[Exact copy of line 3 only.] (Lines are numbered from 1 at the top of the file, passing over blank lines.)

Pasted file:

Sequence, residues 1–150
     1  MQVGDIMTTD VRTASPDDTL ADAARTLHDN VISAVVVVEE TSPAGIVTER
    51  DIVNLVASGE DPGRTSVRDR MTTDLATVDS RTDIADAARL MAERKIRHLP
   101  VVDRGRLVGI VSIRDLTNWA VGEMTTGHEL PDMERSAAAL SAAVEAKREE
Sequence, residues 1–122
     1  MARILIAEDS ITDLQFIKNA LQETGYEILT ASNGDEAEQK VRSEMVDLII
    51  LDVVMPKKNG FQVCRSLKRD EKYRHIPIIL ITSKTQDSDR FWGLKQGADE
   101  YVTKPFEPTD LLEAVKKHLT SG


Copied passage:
    51  DIVNLVASGE DPGRTSVRDR MTTDLATVDS RTDIADAARL MAERKIRHLP